“There will be no triumphal entries into any of the communities,” Stewart said. “That’s not what this is about.”
 
In the leadup to his journey, Bishop McMenamie has been avidly training, walking greater distances each day.
 
He stressed that the Sacred Journey is not an end, but merely another step in a much longer journey towards reconciliation, suggesting that the next step might be responding to the Calls to Action made by the Truth and Reconciliation Commission.
 
The bishop invited Anglicans across Canada to pray for those on the journey and consider how they might promote reconciliation in their own communities.
 
“The spiritual and cultural challenges of this journey will end,” he said, “at the day [we can] be a different people and a different church.”

 

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Reflections expand on Bishops in Dialogue Testimonies

Bishops meet in London during the 2010 Consultation of Anglican Bishops in Dialogue. Submitted photo

By General Synod Communications

New commentaries by a group of bishops from across the worldwide Anglican Communion are offering a valuable supplement to the testimonies produced by the Consultation of Anglican Bishops in Dialogue.

An informal gathering of bishops from Canada, the United States and African nations, the consultation provides an opportunity for bishops from different national, social and cultural backgrounds to build relationships and seek common understanding through their shared unity in Christ, addressing diverse and sometimes conflicting views.

Since the first consultation at the 2008 Lambeth Conference, which was marked by divisions in the Communion over same-sex marriage and issues of biblical interpretation, the gathering has become an annual event. Following each consultation since 2011, the bishops have produced documents known as testimonies that summarize the consultations and the themes discussed, offering points of agreement and making shared commitments.

Expanding on the content of the testimonies, the new reflections add further commentary and critiques as the bishops move forward in their ongoing dialogue.

Archbishop Fred Hiltz, Primate of the Anglican Church of Canada, has written an introductory essay for the compilation, which provides context for the Bishops in Dialogue Consultation and testimonies and praises the new publication as “both gift and invitation to the Communion.”

Contributors offering reflections include:

  • Prof. Emmanuel D. Mbennah, PhD, vice chancellor of St. John University, Dodoma, Tanzania;
  • Robert S. Heaney, PhD, director of the Center for Anglican Communion Studies, Virginia Theological Seminary, USA;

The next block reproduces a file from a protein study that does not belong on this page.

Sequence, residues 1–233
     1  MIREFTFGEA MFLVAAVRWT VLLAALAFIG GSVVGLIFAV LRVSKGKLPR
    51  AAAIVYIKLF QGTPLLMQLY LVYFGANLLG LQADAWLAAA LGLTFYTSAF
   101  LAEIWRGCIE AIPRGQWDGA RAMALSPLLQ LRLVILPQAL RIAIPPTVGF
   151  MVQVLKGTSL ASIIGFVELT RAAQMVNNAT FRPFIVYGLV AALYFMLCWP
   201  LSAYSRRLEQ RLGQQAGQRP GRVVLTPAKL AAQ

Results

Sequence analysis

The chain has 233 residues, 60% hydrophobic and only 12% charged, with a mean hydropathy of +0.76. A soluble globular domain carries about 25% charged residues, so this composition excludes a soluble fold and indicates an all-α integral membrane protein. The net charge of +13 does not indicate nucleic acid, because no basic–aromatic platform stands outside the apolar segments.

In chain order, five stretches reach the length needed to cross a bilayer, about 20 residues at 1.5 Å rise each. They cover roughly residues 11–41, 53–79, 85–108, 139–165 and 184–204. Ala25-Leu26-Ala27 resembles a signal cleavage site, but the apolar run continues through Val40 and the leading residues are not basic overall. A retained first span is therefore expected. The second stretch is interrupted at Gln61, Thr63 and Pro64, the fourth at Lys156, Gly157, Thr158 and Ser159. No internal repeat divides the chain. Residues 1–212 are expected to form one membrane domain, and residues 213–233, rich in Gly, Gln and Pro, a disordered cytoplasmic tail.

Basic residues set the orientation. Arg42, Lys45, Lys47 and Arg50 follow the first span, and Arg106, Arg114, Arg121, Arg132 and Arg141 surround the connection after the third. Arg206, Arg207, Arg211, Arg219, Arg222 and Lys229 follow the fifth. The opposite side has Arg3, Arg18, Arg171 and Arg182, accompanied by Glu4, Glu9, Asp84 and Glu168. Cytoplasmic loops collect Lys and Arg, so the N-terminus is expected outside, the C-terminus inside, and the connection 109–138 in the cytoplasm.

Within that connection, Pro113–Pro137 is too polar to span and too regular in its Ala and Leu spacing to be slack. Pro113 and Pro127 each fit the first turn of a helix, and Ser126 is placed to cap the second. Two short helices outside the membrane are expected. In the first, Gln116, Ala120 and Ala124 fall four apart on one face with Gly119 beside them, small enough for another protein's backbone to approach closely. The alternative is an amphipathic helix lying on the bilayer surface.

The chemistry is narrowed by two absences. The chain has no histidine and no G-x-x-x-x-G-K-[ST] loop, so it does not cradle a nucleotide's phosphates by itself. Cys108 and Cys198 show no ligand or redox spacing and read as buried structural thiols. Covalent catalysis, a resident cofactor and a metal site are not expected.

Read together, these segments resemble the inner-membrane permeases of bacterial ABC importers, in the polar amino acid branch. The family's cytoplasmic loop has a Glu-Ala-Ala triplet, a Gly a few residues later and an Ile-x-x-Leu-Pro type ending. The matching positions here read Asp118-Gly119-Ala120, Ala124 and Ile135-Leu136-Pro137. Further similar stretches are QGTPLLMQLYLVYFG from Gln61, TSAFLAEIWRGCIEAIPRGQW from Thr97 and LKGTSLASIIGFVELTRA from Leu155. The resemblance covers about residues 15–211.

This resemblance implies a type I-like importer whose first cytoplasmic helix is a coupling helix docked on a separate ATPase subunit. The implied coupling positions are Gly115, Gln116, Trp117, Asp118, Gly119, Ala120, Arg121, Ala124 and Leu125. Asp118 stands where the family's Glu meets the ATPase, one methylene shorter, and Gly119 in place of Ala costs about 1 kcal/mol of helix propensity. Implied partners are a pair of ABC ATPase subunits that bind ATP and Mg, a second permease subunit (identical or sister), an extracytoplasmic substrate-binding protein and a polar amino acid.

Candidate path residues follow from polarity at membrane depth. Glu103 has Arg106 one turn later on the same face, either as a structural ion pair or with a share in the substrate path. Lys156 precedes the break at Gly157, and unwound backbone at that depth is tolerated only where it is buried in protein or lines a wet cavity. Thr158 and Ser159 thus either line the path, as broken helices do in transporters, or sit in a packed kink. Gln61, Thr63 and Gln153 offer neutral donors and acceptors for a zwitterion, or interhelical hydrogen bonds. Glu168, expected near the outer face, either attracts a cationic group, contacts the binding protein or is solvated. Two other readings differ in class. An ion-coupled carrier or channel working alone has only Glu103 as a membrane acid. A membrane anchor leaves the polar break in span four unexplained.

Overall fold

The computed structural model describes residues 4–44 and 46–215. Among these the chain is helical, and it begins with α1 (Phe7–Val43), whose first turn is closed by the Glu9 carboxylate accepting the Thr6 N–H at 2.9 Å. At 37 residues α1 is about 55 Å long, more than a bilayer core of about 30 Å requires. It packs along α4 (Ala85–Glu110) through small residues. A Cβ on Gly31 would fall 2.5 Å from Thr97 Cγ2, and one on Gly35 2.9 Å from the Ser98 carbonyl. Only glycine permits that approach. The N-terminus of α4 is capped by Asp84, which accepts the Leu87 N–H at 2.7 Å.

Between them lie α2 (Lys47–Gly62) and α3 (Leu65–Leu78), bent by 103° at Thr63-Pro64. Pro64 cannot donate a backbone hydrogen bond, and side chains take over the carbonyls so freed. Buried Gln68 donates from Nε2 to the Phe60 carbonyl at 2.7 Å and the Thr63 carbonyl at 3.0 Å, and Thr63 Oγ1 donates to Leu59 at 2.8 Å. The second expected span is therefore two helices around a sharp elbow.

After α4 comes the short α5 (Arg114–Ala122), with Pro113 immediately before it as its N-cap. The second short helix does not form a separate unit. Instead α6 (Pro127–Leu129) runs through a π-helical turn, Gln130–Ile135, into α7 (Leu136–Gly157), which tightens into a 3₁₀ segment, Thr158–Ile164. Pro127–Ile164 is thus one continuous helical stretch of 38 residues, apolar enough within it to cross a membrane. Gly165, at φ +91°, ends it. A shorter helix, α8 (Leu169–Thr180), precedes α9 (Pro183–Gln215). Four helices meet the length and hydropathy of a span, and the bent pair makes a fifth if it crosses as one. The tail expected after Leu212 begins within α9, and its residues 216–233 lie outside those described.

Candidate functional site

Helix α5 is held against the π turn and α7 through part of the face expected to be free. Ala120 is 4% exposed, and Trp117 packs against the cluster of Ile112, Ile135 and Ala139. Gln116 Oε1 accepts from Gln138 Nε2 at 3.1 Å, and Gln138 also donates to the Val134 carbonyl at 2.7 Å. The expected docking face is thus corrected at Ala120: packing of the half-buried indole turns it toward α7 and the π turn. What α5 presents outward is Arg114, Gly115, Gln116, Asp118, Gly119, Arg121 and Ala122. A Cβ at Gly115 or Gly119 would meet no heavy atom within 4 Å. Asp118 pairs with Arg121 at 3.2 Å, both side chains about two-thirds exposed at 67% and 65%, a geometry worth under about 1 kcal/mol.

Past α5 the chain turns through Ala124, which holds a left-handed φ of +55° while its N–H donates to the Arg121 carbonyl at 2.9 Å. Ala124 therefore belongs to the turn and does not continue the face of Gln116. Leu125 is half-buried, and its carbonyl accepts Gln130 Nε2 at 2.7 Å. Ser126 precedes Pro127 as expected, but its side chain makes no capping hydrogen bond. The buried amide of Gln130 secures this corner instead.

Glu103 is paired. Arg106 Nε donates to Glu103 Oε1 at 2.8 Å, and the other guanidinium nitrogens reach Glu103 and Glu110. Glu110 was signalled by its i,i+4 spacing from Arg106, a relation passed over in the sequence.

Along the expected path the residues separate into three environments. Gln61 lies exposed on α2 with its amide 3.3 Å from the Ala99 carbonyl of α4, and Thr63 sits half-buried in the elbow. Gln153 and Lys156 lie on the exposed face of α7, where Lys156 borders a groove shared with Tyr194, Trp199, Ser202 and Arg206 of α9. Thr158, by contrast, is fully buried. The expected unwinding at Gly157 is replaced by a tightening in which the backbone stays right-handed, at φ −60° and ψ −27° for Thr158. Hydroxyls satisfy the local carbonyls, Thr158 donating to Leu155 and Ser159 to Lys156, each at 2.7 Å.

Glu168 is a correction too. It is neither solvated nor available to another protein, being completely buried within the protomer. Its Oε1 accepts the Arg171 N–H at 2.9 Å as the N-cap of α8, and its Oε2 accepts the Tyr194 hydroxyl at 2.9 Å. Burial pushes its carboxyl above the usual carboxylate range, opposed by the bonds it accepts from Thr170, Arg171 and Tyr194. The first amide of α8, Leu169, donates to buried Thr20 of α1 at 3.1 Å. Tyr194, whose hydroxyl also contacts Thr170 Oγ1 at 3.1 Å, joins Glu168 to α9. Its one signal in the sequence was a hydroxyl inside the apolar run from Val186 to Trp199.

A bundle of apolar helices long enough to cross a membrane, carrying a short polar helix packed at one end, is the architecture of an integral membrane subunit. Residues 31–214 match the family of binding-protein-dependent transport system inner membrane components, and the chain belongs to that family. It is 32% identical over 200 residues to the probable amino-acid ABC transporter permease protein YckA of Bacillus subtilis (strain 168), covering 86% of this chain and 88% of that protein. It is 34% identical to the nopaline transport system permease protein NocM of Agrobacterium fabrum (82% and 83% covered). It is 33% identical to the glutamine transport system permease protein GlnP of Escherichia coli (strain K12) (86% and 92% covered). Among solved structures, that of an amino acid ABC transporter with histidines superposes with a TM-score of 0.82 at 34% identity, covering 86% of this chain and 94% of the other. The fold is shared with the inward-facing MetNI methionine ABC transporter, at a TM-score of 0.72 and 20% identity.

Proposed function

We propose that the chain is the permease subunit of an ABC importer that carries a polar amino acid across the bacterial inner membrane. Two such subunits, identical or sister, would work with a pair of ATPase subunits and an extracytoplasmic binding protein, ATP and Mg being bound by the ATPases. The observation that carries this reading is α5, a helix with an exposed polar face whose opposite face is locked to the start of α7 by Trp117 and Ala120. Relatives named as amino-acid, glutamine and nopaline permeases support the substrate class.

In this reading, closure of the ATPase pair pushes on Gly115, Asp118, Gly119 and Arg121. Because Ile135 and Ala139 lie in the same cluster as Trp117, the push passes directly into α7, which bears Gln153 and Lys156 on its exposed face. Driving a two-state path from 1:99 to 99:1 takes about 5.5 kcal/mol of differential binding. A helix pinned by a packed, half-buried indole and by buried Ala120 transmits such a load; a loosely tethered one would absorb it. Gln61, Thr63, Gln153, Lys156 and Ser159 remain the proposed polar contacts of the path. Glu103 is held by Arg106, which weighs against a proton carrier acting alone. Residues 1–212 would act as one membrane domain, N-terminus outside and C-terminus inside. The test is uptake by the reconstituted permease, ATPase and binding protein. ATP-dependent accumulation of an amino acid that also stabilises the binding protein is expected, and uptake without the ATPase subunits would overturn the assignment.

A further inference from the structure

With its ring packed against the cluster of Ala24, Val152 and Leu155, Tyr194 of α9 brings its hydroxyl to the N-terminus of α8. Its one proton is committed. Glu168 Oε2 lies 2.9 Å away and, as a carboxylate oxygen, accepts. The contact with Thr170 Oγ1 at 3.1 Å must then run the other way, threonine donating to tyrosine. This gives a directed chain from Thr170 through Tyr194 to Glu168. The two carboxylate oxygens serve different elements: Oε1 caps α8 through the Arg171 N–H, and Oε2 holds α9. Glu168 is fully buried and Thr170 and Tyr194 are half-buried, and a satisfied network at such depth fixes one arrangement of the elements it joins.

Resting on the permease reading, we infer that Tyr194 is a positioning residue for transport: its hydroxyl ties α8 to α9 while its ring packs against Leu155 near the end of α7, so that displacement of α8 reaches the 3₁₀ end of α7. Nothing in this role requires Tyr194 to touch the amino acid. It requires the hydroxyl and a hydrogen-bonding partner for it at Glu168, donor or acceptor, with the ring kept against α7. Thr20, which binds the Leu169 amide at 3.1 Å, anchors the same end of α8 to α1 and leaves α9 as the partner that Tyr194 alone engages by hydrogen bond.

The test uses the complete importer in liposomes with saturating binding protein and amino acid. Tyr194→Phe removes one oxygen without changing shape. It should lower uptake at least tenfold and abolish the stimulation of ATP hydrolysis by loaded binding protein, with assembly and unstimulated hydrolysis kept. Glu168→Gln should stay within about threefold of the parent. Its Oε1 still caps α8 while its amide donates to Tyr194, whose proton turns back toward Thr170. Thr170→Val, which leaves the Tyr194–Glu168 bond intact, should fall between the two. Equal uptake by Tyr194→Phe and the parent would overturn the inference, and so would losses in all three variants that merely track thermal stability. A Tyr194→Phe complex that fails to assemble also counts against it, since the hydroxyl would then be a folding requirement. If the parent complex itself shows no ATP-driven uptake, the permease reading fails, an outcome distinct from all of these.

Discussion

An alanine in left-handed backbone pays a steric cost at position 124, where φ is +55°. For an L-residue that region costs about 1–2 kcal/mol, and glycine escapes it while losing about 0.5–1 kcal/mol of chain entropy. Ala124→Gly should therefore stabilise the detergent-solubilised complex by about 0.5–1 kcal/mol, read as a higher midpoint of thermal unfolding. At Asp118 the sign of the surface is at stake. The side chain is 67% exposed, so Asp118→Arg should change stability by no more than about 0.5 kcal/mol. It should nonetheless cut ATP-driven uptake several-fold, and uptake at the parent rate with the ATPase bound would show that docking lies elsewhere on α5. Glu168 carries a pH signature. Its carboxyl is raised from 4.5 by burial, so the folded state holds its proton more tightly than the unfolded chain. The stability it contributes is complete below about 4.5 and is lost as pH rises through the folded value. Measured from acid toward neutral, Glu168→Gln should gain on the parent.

• The Most Rev. Francisco de Assis da Silva, Primate of Brazil and diocesan in Santa Maria;
  • The Rev. Canon Dr. Makhosi Nzimande, Anglican Church of Southern Africa;
  • The Rt. Rev. Nicholas Baines, bishop of the diocese of Leeds; and
  • Prof. Ephraim Radner, Wycliffe College, Toronto School of Theology, visiting scholar at the Institute for Ecumenical Research in Strasbourg, France.


Read the reflections on the Bishops in Dialogue testimonies.

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Archbishop Fred Hiltz gathers with members and friends of LGBTQ Community


Yesterday, Archbishop Fred Hiltz met with members and friends of the LGBTQ community in Toronto at celebration of the Holy Eucharist at St. John’s, West in Toronto.

This encounter is one among many that the Primate has had with members of the Anglican Church in and beyond Canada. During the recent Primates’ meeting in Canterbury, care for this community became a clear priority for the whole of the Anglican Communion. There was recognition by the Primates of the many ways that LGBTQ communities are risk.

“…The Primates condemned homophobic prejudice and violence and resolved to work together to offer pastoral care and loving service irrespective of sexual orientation. This conviction arises out of our discipleship of Jesus Christ. The Primates reaffirmed their rejection of criminal sanctions against same-sex attracted people…”

 -from the Communiqué from the Primates of the Anglican Communion, January 2016

Yesterday’s pastoral gathering was an opportunity from the Primate to be in dialogue with a local LGBTQ community about their lives and experiences within the Church and about the resolution that will go before the General Synod in July. Archbishop Hiltz remains deeply committed to hearing the diversity of perspectives in our church about this matter as reflected in his ongoing conversations with the Bishops of our Church, Canadian participants at the Anglican Consultative Council, Canadian and African bishops in dialogue, from theological students and faculty, and from members of the Council of the General Synod among others.

“I left the gathering more convinced than ever the need for the Church to take opportunity to hear first-hand the experiences and longings of LGBTQ persons,” Hiltz said. “So often we speak about instead of with the LGBTQ community. We all need to be creating these kinds of opportunities to have pastoral conversations.”